This causes the software complexity meter to spike “infinity,” and for no purpose that cannot be better-achieved in some other way.   Even the “toy” example in the OP is effectively impossible to understand ... even as-written, and only if some other goto is not later added, somewhere, anywhere, anytime.   (Yes, I am intentionally stretching syntactic truth slightly to make a point ...)   You have to think to realize that what this logic is actually doing is if ($arg != 1).

    The Perl language evolved a number of constructs, such as last LABELNAME, specifically to accommodate the control-constructs that do indeed occur from time to time in production programs, and to handle them in a way that still affords for efficient code-generation and pragmatic goof-detection.   But goto, except in the edge-cases I previously mentioned, is an unnecessary bad-idea that should never be accepted in production code.   (The edge-case exceptions are not frequent-enough to justify softening the word, “never.”)

Re: How does 'goto LABEL' search for its label?
by LanX (Canon) on Jan 16, 2013 at 16:26 UTC
    Do you have a clear definition for "construct"?

    from perlglossary

    construct As a noun, a piece of syntax made up of smaller pieces.

    I think in this context it's supposed to mean "block of a loop".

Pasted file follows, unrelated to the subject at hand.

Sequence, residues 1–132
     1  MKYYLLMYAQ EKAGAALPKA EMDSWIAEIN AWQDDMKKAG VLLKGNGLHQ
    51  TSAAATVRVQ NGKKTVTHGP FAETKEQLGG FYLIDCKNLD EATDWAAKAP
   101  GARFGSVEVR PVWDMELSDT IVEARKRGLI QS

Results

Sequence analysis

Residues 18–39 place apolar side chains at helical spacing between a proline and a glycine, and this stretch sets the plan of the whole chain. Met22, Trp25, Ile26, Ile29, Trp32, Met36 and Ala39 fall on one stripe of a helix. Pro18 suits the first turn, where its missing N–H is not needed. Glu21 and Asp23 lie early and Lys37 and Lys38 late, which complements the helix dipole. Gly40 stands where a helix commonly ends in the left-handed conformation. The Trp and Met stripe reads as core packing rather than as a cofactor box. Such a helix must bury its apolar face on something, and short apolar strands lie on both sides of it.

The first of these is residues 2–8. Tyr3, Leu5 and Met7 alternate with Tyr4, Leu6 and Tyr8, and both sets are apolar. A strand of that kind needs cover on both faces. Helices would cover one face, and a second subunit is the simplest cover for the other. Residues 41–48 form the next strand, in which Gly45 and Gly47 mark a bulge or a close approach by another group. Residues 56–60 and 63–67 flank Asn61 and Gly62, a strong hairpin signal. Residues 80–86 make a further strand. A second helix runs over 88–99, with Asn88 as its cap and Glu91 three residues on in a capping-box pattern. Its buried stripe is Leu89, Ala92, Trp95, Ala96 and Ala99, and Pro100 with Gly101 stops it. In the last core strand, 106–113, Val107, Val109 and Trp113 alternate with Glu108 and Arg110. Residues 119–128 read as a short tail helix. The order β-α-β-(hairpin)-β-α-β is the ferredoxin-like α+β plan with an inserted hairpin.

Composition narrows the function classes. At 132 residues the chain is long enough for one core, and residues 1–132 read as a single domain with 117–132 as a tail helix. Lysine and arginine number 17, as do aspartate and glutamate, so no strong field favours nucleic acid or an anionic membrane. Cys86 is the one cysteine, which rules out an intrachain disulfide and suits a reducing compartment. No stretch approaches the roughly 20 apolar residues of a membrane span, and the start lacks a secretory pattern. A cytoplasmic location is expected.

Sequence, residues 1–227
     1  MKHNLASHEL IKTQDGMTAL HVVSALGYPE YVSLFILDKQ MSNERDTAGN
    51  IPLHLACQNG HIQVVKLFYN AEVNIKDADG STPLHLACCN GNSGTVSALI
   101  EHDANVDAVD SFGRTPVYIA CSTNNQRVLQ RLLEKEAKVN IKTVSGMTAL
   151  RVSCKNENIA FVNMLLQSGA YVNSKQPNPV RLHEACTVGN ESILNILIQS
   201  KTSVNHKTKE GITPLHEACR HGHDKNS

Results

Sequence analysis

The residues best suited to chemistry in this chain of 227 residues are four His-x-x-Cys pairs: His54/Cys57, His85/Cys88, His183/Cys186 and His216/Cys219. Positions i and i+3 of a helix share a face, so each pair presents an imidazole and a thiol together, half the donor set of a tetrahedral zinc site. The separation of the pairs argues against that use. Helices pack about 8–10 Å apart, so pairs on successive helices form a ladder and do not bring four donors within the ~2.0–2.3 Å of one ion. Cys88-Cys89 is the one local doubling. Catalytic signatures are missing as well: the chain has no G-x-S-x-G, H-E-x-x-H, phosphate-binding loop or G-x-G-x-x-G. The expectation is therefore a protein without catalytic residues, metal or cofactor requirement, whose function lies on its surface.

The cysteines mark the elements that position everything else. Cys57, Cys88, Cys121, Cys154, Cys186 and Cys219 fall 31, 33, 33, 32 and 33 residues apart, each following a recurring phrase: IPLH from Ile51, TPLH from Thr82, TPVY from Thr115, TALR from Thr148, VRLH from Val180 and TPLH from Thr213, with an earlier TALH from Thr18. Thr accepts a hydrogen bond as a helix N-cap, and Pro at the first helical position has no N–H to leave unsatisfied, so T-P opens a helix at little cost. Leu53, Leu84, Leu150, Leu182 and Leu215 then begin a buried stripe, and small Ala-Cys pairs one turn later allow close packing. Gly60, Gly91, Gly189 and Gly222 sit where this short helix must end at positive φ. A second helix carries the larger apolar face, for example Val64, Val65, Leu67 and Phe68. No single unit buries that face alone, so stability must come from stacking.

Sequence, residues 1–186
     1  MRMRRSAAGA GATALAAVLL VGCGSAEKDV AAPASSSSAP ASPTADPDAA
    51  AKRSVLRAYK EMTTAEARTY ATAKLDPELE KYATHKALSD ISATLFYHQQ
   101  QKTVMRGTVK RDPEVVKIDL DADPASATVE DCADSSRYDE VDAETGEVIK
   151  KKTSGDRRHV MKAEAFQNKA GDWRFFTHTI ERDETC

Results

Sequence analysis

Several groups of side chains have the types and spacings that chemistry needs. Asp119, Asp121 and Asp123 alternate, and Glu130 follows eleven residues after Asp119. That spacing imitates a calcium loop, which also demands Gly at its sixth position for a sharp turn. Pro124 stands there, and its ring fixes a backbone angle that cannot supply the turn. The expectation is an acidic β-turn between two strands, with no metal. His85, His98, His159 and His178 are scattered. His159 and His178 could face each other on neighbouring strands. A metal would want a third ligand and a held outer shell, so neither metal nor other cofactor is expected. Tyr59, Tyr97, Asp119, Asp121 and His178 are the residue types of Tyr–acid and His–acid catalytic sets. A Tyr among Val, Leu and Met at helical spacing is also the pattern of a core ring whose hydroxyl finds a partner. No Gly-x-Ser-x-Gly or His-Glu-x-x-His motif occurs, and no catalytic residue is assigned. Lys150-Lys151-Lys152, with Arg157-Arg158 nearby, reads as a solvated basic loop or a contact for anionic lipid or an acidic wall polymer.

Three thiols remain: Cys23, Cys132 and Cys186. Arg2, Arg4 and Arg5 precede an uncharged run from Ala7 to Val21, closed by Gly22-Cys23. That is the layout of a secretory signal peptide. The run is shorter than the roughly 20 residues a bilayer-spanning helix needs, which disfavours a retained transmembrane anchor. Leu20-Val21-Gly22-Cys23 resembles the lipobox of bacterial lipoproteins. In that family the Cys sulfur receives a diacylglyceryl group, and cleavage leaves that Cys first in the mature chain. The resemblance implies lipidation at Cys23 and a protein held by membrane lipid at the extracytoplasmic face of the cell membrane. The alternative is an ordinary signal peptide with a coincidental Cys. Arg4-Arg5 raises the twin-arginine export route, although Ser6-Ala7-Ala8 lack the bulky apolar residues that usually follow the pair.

IMHO this discussion helps: cross scope gotos?

    From what I remember labels are only visible from the actual "frame" and parent frames.

    Frames are constructs which need an initialization like subs or for-each-loops (remember the aliased loop-var!).

    That means you can't jump into these constructs and bypass initialization.

    But if you call another sub from within such a frame, that means after run-time initialization, you can goto back.

    So lables are a run-time thing. They belong to the dynamic scope like localized vars.

    EDIT: I think the deprecation is supposed to disallow jumps into other kinds of loops like while╣ or c-style fors , which have a "logical" but no "physical" initialization like frames.

    HTH!

    Cheers Rolf

    ╣) remember that naked blocks are internally just while-loops

      I think in this context it's supposed to mean "block of a loop".

      goto says that literally

      IMHO this discussion helps...

      The whole time I was writing Re: How does 'goto LABEL' search for its label? I was thinking "dynamic scoping" but didn't have an example, and here it is